“It is the belief of the companies that the union acted illegally in the brief strike activity, and they are in the process of filing multiple charges at the federal level,” Sam Singer said Thursday.


Workers' decertification vote would end 7 month strike

Striking Maremont Corp. workers in Loudon, TN have been off the job and on picket lines for seven months. Friday, the employees vote to either keep or get rid of their union - IAM Local 2545 - as a collective bargaining agent. Both striking and non-striking workers will vote whether to decertify the union.

Contract negotiations failed, and workers went on strike in February. A decision to keep the union would keep the strike going.

10 News and wbir.com will report the results of that vote when they are available.


Week 9: Prideful union bosses stick to strike

Striking members of Local 313 IUE CWA will meet Saturday at Corning West High School to discuss the status of negotiations with Dresser-Rand Co. Glenn Painter, chief plant steward, said today that the meeting will also include an update on court proceedings this week in Bath on an injunction Dresser-Rand is seeking to limit the number of pickets at sites in Painted Post, NY. It is scheduled to last from 10 a.m. to noon.

Painter said there will be no vote Saturday on what Dresser-Rand called its “final offer” to the union, which was rejected by the membership on Aug. 2.

The 400 union workers from the Painted Post plant of Dresser-Rand have been on strike since Aug. 4, when their previous three-year contract expired. The strike will enter its ninth week on Sunday.

Painter said the union members are “outraged” by a newspaper ads placed locally by Dresser-Rand on Thursday and Friday outlining the company’s position on the negotiations.

“The outrage is that the Dresser-Rand leadership team has decided to wage a media war with the local (union) to try and sway the community support,” Painter said. “The community has been well behind the local’s endeavor to get a fair contract.”


Jumbo unions put politics and legislation first

The Change to Win federation set future plans for strategic organizing campaigns and approved a 10-cent-per-capita assessment for politics for the 2007-2008 election cycle, CTW Chair Anna Burger said.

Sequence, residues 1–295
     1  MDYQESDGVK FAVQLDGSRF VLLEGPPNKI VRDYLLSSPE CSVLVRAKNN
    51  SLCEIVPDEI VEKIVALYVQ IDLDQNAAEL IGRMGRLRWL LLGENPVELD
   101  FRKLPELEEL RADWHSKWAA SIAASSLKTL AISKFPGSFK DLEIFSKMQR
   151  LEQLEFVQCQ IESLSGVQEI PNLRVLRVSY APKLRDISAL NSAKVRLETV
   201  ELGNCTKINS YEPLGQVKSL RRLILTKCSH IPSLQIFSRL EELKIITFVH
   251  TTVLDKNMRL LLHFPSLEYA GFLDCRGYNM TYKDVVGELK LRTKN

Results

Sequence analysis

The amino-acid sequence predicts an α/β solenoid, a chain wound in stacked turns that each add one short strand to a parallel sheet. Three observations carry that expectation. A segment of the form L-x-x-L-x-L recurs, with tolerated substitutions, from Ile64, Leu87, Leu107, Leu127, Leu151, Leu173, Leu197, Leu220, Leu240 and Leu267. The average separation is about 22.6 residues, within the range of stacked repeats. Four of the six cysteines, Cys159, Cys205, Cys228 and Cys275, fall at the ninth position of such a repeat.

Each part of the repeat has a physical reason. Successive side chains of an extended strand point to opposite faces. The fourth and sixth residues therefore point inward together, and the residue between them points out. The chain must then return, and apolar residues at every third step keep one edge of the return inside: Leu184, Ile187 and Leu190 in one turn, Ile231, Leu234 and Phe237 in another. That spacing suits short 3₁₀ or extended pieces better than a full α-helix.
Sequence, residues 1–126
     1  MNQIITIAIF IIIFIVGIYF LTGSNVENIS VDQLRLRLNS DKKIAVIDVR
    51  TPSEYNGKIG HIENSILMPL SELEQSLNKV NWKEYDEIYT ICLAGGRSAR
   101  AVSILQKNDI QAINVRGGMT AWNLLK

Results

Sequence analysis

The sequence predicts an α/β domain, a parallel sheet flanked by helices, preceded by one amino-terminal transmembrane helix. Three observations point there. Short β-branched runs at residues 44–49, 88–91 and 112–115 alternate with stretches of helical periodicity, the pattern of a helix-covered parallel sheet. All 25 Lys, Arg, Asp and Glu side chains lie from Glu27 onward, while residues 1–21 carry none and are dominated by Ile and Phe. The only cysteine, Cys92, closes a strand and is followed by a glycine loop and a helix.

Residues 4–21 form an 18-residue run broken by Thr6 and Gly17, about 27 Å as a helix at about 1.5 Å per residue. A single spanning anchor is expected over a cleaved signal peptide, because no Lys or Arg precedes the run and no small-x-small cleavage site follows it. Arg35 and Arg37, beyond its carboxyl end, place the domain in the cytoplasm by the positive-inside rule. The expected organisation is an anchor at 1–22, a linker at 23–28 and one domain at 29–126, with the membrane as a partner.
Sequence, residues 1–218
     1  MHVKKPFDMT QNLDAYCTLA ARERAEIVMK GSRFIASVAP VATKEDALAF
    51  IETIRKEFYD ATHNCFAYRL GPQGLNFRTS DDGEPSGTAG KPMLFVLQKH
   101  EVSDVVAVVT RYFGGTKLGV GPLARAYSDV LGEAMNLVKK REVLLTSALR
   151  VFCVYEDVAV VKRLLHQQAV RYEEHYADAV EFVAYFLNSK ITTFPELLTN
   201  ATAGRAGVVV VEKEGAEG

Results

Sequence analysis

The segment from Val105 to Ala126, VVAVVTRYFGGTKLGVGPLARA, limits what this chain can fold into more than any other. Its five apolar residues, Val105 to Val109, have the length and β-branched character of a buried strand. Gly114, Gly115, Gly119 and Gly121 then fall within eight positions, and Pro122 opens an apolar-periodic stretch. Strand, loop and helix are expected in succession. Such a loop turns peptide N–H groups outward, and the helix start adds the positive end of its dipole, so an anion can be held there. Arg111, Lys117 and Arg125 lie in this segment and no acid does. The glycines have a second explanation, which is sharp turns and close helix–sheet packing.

In a press conference Tuesday after the federation's day-and-a-half convention in Chicago closed, Burger also said CTW's Strategic Organizing Center would step up its services to the member unions, training organizers, coordinating campaigns and marshaling financial resources, among other things.

But the political assessment was a new move, given CTW's prior emphasis on organizing, rather than politics - point which led seven unions to split from the AFL-CIO in 2005. The seven - Carpenters, Laborers, Service Employees Teamsters, United Farm Workers, United Food & Commercial Workers and UNITE HERE -- felt the older labor federation put too much emphasis, relatively, on politics.

The new emphasis means in some states, CTW is setting up its own statewide political/organizing operations, while in others its unions' locals signed "Solidarity Charters" with AFL-CIO state federations and central labor councils for joint operations.

"In some of these states, the AFL-CIO operation"--the state fed or CLC--"is our operation," Burger stated. She singled out New York, Nevada and California. As for the Solidarity Charters in general, she added: "Wherever locals want to work together they can, and where they don't want to, they won't."

The 10-cent surcharge, which may raise up to $14 million over the two years, will go for education campaigns centered around politics and several issues, notably including health care and the right to organize. "The way we focus on organizing and politics is very different" from the AFL-CIO, Burger added.

The convention resolution approving the assessment, and laying out the federation's overall plan for the next two years, says the money will be used "to build a state-of-the-art coordinated political program to ensure the election of a pro-labor president in 2008 and pro-labor majorities in the Senate and House in order to pass the Employee Free Choice Act."

The bill would help level the playing field between workers and bosses in organizing drives and bargaining for first contracts. It passed the Democratic-run House this year by a bipartisan 241-185 margin, fell victim to a GOP filibuster in the Senate, though it won a majority there, too.

"Passage and signing of EFCA will serve as the focus of all of Change to Win's political work leading into 2009," the resolution said. Besides the political assessment,
the resolution set out other goals for Change to Win for the next two years.

One was "continuing to realign our unions into the same industries" for the same groups of workers and increased emphasis on organizing in its core industries, Burger said. "We adopted a set of strategies around organizing and structure," she added.

Those strategies would lead to new and larger industry-wide organizing drives, Burger and other CTW leaders--including UNITE HERE General President Bruce Raynor and UFCW President Joe Hansen--said in an earlier interview.

One such organizing drive, already under way, will focus on 90,000 port workers nationwide, most of them in Los Angeles-Long Beach. The Teamsters are leading that, but CTW's Strategic Organizing Center is providing training, coordination of the use of financial clout--such as investment dollars--research and also helping member unions trying to find new organizers. The center will get 75 percent of CTW's $18 million budget, said Burger, whom the group's board elected to a new two-year term in August.